Indeed, to any sensible person, the allegations raised by last night's ABC Four Corners programme in Australia - money-laundering, covering-up of child abuse, routine brutalising of families - should indicate that the Exclusive Brethren is a malign organisation whose leaders deserve no favours at all from society.
One of the most disturbing stories, that of excommunicated church member Selwyn Wallace, took place right here in New Zealand. In an interview available on the ABC website, Wallace lists the suicides amongst family members who have fallen afoul of the church elders, and says that this is the fate of those leave it:
"They'll destroy you spiritually, emotionally, financially until there's nothing left."
Perhaps Don Brash should forget about having his tummy tickled by people who claim to be praying for him and watch that. Frankly, it's a disgrace that the man who has been dog-whistling about people of other faiths and their adherence to "core New Zealand values" should have continued to entertain a sect whose actions are so clearly repugnant to those values.
On another matter, the Internet NZ blog has a fascinating post on some thorough debunking of the major academic argument presented against telecommunications reform. Howell, an economist at Victoria University, will be well known to anyone who's studied this issue in the past 10 years, and her views haven't shifted in that time: there is no telecommunications monopoly in New Zealand, unbundling is ineffective and counterproductive and - I paraphrase here - the rest of the world is smoking crack.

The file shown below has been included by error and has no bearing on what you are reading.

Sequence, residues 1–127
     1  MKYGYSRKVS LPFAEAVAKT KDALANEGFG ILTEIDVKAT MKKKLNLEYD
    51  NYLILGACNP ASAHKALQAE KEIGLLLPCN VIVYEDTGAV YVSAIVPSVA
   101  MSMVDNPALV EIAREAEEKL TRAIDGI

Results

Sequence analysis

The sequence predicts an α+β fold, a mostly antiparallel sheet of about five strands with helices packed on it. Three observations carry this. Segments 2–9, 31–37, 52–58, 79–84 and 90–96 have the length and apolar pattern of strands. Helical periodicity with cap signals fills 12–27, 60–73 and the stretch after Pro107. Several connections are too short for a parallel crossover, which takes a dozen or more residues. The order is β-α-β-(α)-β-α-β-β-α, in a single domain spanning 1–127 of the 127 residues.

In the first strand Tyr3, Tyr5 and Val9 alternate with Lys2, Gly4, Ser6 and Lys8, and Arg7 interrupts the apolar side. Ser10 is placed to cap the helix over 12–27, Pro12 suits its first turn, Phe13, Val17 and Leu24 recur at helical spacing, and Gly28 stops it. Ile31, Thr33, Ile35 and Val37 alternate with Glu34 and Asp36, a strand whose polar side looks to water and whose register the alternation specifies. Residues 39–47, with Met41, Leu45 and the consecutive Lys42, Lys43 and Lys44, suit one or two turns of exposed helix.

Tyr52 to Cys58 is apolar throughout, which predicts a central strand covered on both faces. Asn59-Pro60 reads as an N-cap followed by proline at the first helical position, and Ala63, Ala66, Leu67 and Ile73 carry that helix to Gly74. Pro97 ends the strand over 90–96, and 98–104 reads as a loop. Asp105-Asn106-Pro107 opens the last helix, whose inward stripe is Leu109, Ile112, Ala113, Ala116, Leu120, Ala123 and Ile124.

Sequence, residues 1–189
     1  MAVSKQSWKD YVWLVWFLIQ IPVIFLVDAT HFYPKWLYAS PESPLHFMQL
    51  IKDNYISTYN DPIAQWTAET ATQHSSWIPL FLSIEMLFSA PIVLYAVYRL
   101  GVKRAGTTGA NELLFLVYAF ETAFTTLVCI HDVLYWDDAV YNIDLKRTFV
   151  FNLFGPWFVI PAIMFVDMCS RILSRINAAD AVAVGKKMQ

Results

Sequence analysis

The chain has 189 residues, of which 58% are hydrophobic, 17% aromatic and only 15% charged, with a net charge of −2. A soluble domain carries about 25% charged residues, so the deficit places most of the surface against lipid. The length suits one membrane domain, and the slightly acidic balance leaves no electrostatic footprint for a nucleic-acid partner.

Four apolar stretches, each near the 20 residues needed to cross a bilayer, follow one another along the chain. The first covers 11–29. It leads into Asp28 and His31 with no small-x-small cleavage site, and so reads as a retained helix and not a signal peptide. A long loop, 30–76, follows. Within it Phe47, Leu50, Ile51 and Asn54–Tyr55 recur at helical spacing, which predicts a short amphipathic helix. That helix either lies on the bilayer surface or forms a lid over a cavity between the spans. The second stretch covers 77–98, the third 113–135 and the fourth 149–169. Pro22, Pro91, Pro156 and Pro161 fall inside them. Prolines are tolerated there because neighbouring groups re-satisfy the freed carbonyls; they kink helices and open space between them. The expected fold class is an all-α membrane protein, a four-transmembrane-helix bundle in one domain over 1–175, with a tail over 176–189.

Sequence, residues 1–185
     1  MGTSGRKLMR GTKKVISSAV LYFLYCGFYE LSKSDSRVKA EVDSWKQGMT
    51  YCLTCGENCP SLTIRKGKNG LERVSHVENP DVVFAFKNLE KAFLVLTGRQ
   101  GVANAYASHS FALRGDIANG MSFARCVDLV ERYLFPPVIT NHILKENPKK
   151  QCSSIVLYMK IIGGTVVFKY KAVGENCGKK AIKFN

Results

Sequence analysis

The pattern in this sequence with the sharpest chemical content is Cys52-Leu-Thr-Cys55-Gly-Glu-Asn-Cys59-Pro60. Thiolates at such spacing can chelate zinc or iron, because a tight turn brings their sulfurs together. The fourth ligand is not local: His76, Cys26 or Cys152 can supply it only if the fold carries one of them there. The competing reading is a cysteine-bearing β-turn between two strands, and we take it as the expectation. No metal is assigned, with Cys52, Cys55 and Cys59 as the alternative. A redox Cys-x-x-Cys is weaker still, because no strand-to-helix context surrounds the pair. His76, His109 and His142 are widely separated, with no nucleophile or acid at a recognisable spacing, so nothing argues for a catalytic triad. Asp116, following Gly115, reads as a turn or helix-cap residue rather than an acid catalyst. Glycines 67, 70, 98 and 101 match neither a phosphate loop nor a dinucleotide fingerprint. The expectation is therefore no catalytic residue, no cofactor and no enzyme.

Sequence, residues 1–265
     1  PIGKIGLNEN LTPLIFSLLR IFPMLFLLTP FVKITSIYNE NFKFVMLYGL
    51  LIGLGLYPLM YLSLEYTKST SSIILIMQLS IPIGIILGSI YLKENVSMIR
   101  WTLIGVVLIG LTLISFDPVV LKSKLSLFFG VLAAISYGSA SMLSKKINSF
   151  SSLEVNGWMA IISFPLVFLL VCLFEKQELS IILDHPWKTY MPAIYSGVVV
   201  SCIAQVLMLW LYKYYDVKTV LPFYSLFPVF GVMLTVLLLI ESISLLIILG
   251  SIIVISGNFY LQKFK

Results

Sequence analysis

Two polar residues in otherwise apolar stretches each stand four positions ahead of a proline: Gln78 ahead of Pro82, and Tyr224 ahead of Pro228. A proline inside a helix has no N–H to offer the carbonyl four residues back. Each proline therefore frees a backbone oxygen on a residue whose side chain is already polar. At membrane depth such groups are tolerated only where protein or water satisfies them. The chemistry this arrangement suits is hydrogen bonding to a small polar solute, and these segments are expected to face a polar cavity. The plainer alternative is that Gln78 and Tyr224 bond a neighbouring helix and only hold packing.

I had a rather odd email argument with Howell on these issues - via Roger Kerr - earlier this year, and I thought she made some claims that were demonstrably wrong. I wasn't in a position to conduct a full-blown debate about economics, but the Internet NZ stuff is very interesting.
Some other things:
The Brethren elders would doubtless disapprove of my plans for Thursday night: which involve me and my buddy Andy having a very large one amid the pagan sound and light of the Coldcut show at th St James.
The evening before (ie: tomorrow night), I'll be conducting a Q&A with Coldcut's Jonathan More after a screening of some leading-edge British music video under the Antenna banner, at the Rialto Newmarket in association with the British Council. Tickets for that are $15 from the Rialto website.
If that's not your thing, then the fun-loving Off the Wire radio crew are back on at the Classic in Queen Street at 6.30pm tomorrow. It's free: just email email@example.com for tickets.
And, finally, Kelly Tarlton's Underwater World seems to have cracked the PR-launch angle on its exhibitions: stage them at 4.30pm and invite the kids. Every media wanker in town (and our blameless children) seemed to be there yesterday for Freaky Fish. Most of the best stuff is dead and pickled, but it's still a feast for the eyes. And the stingray feeding session was a treat. I touched the belly of the beast that killed Steve Irwin! Well, its cousin, anyway. My 12 year-old described it thus: "Think of really slippery rubber …"